Another fell from a scaffold and broke his neck.
And the third...
choked to death on a piece of apple.
This is the way Rose Red looked
when it was completed in 1909.
In case your memory needs refreshing,
this is the way it looks today.
It's as if it metastasized.
Rose Red has how many rooms?
- No one really knows. - Man: On Monday you can count
7 4 and come back on Friday and come up with 87 or 97.
That's impossible, isn't it?
That's Rose Red, sweetheart.
Nick: How many people have disappeared?
There must be an accurate account of them.
23 since the end of the first World War.
Emery: You'll forgive me if I say
I find that impossible to believe.
Reardon: Of course you do. Anyone would.
But I assure you it's true.
Five men and 18 women.
Rose Red has always been particularly fond of the ladies.
Remember we're speaking of a house
- which has fallen dormant. - Woman: It better be,
because $5,000 isn't enough if it isn't.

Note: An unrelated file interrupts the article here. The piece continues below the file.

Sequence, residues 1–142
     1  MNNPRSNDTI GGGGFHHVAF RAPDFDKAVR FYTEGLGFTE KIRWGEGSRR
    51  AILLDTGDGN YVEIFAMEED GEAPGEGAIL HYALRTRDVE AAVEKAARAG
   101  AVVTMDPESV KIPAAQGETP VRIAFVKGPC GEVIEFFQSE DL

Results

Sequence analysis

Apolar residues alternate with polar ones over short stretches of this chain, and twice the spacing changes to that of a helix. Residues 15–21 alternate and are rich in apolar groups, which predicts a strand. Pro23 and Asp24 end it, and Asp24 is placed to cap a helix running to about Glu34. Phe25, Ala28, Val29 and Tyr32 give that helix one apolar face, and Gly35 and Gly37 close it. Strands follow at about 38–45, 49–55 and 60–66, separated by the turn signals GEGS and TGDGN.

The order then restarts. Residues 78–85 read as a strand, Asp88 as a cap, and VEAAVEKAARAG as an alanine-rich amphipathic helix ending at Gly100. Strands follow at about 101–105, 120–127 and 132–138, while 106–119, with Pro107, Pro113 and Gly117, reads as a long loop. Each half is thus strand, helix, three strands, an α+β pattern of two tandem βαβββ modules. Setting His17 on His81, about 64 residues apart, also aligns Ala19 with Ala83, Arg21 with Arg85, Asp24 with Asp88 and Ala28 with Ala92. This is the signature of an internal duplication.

- When was the last disappearance? - Reardon: 1972,
almost 30 years ago. As I said before,
there have been no observable phenomena since--
- Who was the last one? - Reardon: Pam...
We've got a lot to cover, we don't need to focus on--
A woman on the Historical Society's annual tour.
She was with the group when they went upstairs.
It wasn't until the tour was over
that they realized she wasn't with them anymore.
Officer: What's that?
Man: They didn't find her, but they found her purse.
The lady's name was Liza Albert.
Since her disappearance, the house has been closed to tours.
With no psychic energy for the house to feed on,
it seems to have fallen into a sleep, then a coma.
- And now... - It's a dead cell.
I wouldn't bet on that if I were you.
Reardon: Rose Red wasn't finished when John and Ellen got married,
but they weren't in a hurry to set up housekeeping.
They passed the time with an enormous, leisurely honeymoon.
They were gone a year.